VvLAR1 and VvLAR2 Are Bifunctional Enzymes for Proanthocyanidin Biosynthesis in Grapevine.


BioDiscovery Institute and Department of Biological Sciences, University of North Texas, Denton, Texas 76203 [Email]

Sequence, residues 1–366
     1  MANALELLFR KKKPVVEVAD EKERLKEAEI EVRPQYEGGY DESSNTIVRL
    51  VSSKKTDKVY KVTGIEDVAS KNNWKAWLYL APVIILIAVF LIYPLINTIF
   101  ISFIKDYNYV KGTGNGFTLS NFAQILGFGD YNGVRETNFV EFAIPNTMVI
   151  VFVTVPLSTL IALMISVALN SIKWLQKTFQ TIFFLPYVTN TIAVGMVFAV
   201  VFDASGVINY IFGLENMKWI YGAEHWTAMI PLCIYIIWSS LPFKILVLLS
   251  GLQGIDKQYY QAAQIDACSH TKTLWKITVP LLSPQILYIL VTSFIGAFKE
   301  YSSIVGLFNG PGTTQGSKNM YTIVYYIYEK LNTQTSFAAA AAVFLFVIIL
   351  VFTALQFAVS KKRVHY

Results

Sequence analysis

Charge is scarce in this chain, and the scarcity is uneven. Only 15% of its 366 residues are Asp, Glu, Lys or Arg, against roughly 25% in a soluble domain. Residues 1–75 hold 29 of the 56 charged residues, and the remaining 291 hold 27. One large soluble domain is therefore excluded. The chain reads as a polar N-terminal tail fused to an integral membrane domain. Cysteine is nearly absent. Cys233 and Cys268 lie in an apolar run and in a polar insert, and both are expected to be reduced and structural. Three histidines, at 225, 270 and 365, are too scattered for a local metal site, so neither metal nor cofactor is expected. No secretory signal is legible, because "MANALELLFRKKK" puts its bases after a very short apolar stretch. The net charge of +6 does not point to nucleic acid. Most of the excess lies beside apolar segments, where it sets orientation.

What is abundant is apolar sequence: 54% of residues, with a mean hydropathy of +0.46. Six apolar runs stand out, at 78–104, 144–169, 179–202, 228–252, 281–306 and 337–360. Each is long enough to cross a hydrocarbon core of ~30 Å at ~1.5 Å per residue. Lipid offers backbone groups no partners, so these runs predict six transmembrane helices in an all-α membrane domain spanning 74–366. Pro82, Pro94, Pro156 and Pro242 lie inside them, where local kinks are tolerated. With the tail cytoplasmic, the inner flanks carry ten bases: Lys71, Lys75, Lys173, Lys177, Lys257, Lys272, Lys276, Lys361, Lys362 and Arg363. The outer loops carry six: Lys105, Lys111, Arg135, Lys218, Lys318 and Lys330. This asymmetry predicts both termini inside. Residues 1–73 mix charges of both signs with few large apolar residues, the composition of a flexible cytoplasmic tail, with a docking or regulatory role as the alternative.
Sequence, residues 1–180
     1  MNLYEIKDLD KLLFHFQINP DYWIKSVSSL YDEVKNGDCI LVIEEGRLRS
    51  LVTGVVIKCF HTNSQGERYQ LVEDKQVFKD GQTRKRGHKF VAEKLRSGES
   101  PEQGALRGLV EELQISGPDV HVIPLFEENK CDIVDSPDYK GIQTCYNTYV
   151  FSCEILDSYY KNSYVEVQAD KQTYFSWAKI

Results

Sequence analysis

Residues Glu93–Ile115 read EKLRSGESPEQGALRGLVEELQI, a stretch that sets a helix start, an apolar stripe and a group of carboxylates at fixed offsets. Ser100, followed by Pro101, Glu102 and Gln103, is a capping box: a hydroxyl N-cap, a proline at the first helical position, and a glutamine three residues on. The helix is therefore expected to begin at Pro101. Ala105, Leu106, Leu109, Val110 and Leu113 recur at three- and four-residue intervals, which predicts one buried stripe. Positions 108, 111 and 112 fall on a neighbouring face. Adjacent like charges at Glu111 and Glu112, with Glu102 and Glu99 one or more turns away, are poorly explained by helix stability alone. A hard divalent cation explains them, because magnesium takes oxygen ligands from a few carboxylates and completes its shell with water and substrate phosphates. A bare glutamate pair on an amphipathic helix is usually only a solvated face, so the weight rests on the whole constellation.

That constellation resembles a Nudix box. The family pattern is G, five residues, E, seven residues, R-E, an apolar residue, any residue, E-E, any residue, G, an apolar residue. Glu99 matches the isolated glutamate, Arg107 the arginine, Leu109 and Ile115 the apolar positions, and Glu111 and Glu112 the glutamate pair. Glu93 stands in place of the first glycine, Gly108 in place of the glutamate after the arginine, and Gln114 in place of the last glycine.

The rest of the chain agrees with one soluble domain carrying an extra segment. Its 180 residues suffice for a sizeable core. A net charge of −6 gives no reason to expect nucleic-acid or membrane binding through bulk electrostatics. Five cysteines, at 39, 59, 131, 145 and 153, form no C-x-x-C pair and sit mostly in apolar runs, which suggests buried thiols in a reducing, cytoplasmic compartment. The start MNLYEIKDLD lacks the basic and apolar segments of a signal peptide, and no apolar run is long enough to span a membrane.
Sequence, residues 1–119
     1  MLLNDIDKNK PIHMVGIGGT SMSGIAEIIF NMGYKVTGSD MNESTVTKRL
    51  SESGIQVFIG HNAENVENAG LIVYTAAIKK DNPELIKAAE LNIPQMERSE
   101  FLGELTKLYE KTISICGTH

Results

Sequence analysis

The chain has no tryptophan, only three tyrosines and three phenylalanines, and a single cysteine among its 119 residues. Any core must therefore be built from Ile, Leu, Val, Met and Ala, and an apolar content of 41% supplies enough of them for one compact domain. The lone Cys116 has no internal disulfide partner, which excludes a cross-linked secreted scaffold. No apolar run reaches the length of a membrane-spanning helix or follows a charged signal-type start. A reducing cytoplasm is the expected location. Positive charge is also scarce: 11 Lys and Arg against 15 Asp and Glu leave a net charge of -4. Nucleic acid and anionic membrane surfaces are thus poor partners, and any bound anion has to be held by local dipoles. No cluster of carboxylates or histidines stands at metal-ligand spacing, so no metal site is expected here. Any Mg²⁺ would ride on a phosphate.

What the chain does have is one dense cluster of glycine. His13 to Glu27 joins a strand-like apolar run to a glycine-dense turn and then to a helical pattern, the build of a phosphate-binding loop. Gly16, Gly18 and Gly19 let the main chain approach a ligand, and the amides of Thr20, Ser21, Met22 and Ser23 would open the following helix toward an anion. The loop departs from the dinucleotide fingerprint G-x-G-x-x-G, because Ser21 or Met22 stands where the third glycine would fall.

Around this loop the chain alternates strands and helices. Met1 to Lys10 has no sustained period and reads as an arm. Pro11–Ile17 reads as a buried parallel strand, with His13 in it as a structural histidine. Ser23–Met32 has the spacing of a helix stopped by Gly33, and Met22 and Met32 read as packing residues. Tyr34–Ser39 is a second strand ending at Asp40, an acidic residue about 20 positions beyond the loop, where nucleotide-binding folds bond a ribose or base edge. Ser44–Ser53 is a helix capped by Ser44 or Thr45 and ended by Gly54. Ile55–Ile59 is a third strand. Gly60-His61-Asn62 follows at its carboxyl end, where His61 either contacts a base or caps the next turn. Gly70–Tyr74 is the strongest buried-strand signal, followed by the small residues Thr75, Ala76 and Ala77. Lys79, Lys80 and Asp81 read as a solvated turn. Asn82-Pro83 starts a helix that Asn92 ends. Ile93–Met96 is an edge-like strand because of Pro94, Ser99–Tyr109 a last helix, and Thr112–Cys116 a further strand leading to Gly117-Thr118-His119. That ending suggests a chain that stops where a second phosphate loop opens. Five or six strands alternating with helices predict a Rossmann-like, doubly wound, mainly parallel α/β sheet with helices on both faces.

Proanthocyanidins (PAs) in grapevine (Vitis vinifera) are found mainly in berries, and their content and degree of polymerization are important for the mouth feel of red wine. However, the mechanism of PA polymerization in grapevine remains unclear. Previous studies in the model legume Medicago truncatula showed that 4β-(S-cysteinyl)-epicatechin (Cys-EC) is an epicatechin-type extension unit for nonenzymatic PA polymerization, and that leucoanthocyanidin reductase (LAR) converts Cys-EC into epicatechin starter unit to control PA extension. Grapevine possesses two LAR genes, but their functions are not clear. Here, we show that both Cys-EC and 4β-(S-cysteinyl)-catechin (Cys-C) are present in grapevine. Recombinant VvLAR1 and VvLAR2 convert Cys-C and Cys-EC into (+)-catechin and (-)-epicatechin, respectively, in vitro. The kinetic parameters of VvLARs are similar, with both enzymes being more efficient with Cys-C than with Cys-EC, the 2,3-cis conformation of which results in steric hindrance in the active site. Both VvLARs also produce (+)-catechin from leucocyanidin, and an inactive VvLAR2 allele reported previously is the result of a single amino acid mutation in the N terminus critical for all NADPH-dependent activities of the enzyme. VvLAR1 or VvLAR2 complement the M. truncatula lar:ldox double mutant that also lacks the leucoanthocyanidin dioxygenase (LDOX) required for epicatechin starter unit formation, resulting in increased soluble PA levels, decreased insoluble PA levels, and reduced levels of Cys-C and Cys-EC when compared to the double mutant, and the appearance of catechin, epicatechin, and PA dimers characteristic of the ldox single mutant in young pods. These data advance our knowledge of PA building blocks and LAR function and provide targets for grapevine breeding to alter PA composition.